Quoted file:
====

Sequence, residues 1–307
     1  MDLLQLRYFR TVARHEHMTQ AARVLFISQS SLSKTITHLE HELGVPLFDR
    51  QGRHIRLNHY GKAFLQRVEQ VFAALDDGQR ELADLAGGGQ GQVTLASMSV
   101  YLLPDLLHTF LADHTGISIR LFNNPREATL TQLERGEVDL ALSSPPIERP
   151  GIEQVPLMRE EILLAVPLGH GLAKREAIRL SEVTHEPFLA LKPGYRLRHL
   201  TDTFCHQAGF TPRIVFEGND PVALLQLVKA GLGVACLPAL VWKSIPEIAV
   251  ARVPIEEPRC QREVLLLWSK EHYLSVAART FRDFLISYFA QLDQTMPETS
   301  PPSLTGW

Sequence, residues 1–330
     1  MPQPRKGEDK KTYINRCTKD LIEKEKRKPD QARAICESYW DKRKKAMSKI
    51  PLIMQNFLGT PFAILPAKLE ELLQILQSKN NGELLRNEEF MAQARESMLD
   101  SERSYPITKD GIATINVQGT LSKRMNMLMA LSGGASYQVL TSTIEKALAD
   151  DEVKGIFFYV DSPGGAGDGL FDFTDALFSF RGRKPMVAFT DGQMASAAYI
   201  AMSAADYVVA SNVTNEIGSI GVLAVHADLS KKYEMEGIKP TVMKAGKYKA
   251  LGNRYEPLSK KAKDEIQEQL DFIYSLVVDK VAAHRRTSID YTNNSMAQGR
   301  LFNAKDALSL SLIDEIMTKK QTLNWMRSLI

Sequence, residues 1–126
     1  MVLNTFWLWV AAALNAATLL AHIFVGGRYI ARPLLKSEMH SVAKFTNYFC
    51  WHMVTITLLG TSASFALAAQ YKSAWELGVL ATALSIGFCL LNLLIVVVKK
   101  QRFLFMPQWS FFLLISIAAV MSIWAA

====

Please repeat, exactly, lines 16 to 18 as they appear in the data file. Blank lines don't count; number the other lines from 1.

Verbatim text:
   301  LFNAKDALSL SLIDEIMTKK QTLNWMRSLI

Sequence, residues 1–126
     1  MVLNTFWLWV AAALNAATLL AHIFVGGRYI ARPLLKSEMH SVAKFTNYFC